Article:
For any solicitor to provide his or her client with the best possible chance of winning their case at trial and receiving the compensation that they are lawfully entitled to, a case such as this would involve an incredible amount of work. Legal costs and disbursements would run into tens of thousands of pounds. As such, with Lord Justice Jackson taking the approach that this case should be treated exactly the same as a 6 week whiplash injury arising from a low velocity impact claim, many law firms simply could not afford to have good, experienced lawyers running these claims for genuinely injured clients. In some cases, some firms could not even afford to take these claims on, even if they were strong on liability, as it was simply not economically viable for them to do so.
Lord Justice Jackson’s most recent proposal (albeit that he first made it some two years ago now) has struck fear into the heart of every reputable law firm undertaking predominantly serious injury work, as he seeks to raise the settlement limit at which fixed costs will apply to £100,000. This once again will capture the vast majority of serious injury claims.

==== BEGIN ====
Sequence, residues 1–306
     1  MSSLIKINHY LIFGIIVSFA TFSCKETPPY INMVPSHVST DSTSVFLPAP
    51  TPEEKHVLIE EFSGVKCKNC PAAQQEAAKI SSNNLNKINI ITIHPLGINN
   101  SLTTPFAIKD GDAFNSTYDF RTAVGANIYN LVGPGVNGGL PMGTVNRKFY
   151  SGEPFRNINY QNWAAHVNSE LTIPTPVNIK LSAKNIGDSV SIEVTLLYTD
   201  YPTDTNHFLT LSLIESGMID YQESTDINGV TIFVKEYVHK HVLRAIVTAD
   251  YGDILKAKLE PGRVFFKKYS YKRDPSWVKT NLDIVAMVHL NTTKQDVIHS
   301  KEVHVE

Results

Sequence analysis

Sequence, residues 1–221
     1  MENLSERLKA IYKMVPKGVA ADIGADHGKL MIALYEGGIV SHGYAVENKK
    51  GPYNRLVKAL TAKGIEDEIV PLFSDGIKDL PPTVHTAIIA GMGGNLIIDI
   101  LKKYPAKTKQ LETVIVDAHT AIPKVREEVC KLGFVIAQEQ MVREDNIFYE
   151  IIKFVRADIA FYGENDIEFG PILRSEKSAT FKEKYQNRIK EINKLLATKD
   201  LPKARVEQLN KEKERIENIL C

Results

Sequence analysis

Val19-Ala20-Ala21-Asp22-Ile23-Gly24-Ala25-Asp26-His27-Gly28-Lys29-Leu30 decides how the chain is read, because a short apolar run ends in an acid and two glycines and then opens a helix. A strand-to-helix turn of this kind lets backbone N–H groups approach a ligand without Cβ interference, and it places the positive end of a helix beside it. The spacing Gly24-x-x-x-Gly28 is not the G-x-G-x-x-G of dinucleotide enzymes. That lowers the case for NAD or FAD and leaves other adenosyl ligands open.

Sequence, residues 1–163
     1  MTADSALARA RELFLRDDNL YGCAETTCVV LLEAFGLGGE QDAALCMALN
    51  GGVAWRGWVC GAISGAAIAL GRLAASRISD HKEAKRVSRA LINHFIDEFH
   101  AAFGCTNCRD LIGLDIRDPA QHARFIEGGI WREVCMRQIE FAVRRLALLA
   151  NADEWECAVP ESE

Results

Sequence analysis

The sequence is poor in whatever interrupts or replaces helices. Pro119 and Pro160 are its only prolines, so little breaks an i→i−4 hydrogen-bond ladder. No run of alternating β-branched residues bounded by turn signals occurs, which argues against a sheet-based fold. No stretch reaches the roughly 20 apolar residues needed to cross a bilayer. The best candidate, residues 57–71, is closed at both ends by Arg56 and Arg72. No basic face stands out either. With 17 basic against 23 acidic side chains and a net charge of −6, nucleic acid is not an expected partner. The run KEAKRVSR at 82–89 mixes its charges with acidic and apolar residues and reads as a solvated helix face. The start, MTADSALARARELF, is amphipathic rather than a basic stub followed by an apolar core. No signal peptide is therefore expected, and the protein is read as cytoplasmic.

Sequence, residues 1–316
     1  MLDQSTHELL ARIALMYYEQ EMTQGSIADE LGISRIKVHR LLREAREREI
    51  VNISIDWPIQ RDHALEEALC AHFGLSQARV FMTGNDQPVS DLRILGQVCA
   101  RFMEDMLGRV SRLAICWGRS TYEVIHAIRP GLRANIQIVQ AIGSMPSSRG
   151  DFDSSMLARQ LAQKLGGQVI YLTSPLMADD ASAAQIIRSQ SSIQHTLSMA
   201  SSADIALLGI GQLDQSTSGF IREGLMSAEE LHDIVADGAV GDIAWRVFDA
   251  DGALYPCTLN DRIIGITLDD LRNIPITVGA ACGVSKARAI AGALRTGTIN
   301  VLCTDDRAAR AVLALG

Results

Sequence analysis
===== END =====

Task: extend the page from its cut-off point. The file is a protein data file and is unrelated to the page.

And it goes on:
However, whilst at best there might be a very small argument to support a limit of £25,000, I cannot see how there can possibly be any justification to increase the limit by such a substantial margin. I have settled cases involving very serious injuries, many with long-term effects, which fall into this category (perhaps limited due to the absence of a large loss of earnings claim for example) and which have taken several years to conclude, involved input from multiple medical experts and in many cases, have required recourse to court proceedings.
The amount of work that goes into such a claim to ensure that I am able to do the best possible job for my clients is significant and as I am a very experienced solicitor, legal fees might also be high but would be fully justified. If fixed costs are brought in for any claim up to £100,000 in value, this will lead to any solicitor with more than 8 or even 4 years’ experience fee earner hitting the maximum fees that they can recover very early on in the claim. It then becomes uneconomical to take these claims on in the first place.